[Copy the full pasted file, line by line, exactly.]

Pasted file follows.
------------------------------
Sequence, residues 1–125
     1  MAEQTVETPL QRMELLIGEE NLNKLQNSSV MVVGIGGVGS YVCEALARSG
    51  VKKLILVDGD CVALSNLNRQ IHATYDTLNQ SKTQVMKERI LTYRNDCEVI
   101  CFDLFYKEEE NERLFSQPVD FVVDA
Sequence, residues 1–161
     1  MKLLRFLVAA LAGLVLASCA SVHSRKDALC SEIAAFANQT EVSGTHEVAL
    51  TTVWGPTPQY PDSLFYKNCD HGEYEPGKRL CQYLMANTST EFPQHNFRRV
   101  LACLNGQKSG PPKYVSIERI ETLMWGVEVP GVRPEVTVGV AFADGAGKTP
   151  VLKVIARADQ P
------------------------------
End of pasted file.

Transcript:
Sequence, residues 1–125
     1  MAEQTVETPL QRMELLIGEE NLNKLQNSSV MVVGIGGVGS YVCEALARSG
    51  VKKLILVDGD CVALSNLNRQ IHATYDTLNQ SKTQVMKERI LTYRNDCEVI
   101  CFDLFYKEEE NERLFSQPVD FVVDA
Sequence, residues 1–161
     1  MKLLRFLVAA LAGLVLASCA SVHSRKDALC SEIAAFANQT EVSGTHEVAL
    51  TTVWGPTPQY PDSLFYKNCD HGEYEPGKRL CQYLMANTST EFPQHNFRRV
   101  LACLNGQKSG PPKYVSIERI ETLMWGVEVP GVRPEVTVGV AFADGAGKTP
   151  VLKVIARADQ P